Who me???? Tee Hee. All in all a great way to spend a Sunday morning. A little rain never bothered anyone and it takes the boredom out of the everyday, especially since it's been so dry this summer. I would try one more time for the Black-billed despite the downpour and would strike out again of course.
On my way home I decided to hit Sterling Peat thinking perhaps the rain brought in something new. At this point, my camera would be dead again (not sure what's going on with my batteries but they were completely drained), and a hint of panic would sink in because what if I got a fantastic bird and no way to document it with no camera. Seriously, this is what one thinks of when one is still fairly new because newbies make mistakes and my camera helps with that. I would be driving to Sterling Peat and wonder what I would do if there was a Ruddy Turnstone or better yet a Marbled Godwit (hey a girl can dream can't she!) if I didn't have photos for documentation or more experienced birders nearby to confirm. Oh the agony of being a newb! Well someone will be sure to be there I think to myself. After all, it is Sunday and Sterling Peat has been very generous to us this year. I would pull into the deserted parking area (I wonder why!) and make my way to the mud banks to see what was around. My binoculars were so fogged up at this time that I couldn't even get good looks at the Killdeer nearby even though I knew that's what they were because I could hear them and see them with my eyes, but the bins just wanted to be put away and out of the rain. I wouldn't stay for long due to lack of optics and a camera, but did see a Solitary Sandpiper, 3 Least Sandpipers and 4 Killdeer and there probably isn't much else around as Alan and I were just there yesterday and gave that place a really good scanning. Who knows though, Bart will probably report into Rick's site a Marbled Godwit or something as he just seems to have that kind of luck!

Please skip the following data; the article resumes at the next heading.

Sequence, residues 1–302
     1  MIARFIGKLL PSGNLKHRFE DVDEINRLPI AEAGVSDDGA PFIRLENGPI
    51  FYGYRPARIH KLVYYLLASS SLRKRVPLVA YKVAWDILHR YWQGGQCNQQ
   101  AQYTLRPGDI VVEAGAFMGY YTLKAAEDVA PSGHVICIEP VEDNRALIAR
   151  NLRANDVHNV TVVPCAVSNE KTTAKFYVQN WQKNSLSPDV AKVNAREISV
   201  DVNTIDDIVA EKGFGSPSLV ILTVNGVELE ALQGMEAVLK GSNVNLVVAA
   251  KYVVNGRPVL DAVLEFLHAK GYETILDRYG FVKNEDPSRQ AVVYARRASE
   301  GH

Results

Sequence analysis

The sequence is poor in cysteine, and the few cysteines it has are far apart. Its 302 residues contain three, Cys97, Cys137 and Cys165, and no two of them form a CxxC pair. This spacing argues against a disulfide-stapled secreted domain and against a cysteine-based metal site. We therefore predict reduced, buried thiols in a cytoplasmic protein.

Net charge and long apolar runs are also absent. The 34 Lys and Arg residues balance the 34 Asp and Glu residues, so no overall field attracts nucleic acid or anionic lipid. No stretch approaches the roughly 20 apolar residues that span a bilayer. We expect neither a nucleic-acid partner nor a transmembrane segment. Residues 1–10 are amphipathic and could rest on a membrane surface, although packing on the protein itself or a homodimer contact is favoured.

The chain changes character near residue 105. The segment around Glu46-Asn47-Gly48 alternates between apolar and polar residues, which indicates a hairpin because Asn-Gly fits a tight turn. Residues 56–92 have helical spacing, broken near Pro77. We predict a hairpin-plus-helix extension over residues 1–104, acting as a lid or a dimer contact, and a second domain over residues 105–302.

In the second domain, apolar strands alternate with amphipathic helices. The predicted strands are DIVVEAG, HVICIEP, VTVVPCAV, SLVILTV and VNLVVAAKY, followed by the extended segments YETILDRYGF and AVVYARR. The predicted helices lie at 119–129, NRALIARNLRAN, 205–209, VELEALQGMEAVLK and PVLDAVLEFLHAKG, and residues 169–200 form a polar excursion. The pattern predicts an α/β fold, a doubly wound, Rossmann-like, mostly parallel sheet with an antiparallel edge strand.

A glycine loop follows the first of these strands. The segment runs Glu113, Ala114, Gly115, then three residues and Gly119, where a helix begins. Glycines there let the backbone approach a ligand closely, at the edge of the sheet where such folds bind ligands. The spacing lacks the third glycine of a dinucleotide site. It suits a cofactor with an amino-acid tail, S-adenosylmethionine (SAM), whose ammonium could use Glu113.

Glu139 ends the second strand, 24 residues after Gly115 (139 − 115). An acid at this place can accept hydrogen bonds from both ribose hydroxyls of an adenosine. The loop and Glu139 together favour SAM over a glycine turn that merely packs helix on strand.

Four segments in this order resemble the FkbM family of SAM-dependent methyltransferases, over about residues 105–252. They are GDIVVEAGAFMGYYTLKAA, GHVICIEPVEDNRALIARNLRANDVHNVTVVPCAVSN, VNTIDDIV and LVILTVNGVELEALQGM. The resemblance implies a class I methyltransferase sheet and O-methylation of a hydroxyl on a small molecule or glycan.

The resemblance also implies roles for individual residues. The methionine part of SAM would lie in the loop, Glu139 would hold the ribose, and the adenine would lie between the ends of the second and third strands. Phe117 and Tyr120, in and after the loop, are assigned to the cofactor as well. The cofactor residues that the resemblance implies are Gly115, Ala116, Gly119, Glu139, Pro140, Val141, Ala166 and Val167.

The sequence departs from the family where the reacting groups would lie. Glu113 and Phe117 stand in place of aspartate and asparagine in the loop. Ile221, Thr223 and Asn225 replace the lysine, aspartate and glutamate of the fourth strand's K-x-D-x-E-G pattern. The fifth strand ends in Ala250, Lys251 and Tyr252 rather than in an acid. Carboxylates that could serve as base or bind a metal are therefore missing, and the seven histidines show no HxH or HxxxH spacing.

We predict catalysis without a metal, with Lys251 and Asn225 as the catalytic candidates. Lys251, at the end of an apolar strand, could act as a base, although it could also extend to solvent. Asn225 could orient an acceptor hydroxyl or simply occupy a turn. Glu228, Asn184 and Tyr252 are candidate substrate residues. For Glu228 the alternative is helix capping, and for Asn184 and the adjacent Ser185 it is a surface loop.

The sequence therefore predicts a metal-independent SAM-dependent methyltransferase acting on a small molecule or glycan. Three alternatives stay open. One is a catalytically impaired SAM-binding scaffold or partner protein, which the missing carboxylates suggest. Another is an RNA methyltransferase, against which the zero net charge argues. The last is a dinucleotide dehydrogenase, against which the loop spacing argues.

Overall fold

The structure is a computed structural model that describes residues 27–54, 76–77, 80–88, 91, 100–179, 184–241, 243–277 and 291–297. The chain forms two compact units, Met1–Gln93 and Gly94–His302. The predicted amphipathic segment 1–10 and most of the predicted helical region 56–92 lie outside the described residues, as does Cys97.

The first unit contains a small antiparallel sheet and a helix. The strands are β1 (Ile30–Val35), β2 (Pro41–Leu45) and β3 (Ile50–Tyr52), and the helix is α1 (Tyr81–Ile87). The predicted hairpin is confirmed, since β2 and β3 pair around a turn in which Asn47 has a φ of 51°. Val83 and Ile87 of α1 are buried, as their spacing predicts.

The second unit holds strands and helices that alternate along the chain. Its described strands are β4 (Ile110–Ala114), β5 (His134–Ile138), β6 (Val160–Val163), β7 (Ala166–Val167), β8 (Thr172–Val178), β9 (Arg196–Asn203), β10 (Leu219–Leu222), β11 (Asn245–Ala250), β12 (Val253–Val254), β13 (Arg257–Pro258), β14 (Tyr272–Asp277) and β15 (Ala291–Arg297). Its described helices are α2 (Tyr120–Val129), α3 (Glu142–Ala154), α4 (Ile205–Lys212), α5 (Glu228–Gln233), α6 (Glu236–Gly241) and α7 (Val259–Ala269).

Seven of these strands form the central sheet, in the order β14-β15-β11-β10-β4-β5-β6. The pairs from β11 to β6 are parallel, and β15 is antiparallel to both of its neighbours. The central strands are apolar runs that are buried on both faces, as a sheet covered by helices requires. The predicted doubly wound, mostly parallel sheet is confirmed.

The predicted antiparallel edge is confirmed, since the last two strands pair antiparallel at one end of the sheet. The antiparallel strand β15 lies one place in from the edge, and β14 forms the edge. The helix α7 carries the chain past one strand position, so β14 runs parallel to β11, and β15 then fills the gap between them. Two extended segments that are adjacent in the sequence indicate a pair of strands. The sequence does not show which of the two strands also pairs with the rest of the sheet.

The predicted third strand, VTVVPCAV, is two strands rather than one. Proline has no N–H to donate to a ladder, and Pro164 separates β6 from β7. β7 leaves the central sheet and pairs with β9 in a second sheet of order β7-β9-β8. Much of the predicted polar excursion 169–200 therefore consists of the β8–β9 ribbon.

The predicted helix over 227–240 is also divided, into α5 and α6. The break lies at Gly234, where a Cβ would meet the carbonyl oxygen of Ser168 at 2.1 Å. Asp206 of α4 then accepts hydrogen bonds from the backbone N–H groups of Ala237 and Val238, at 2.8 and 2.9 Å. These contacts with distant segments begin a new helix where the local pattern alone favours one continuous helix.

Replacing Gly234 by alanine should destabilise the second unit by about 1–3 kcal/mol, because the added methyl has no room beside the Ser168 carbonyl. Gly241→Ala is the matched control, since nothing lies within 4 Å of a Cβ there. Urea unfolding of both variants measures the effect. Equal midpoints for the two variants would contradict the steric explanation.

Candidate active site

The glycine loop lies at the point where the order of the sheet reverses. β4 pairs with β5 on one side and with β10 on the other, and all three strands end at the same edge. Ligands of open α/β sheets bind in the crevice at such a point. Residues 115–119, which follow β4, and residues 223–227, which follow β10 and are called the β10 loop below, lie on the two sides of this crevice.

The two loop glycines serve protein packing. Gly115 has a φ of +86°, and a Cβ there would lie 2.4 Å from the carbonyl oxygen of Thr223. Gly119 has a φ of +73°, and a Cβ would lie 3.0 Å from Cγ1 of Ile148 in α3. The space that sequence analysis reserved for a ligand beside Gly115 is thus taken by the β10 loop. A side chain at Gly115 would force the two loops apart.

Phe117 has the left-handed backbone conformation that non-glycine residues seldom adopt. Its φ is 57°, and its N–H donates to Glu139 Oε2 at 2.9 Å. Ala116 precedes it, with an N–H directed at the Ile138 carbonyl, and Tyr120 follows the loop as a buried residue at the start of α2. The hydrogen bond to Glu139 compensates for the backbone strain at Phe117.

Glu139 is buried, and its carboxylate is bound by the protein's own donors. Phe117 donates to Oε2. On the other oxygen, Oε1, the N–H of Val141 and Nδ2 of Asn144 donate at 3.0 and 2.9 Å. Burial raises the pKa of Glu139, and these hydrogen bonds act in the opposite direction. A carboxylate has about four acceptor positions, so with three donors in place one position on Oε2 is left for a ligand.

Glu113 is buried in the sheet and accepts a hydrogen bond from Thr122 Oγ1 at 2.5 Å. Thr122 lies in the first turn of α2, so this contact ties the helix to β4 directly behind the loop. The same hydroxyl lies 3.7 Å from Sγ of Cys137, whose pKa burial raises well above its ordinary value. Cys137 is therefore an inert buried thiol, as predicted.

Take care all.


MaineBirder said...

My oh my, quite the runner you are! I used to run like that. Back in the late 70's and early 80's with a 70 lb. ALICE backpack and full combat gear (USMC). Up and down the Sierra Nevada's of California.

I can run a mile these days if I have to, but the days of running up and down mountains are over for me, back issues and bad knees.

Kudo's to you, enjoy the rush of the run!

troutbirder said...

What fun! Looks like you saw lots of different things on your run.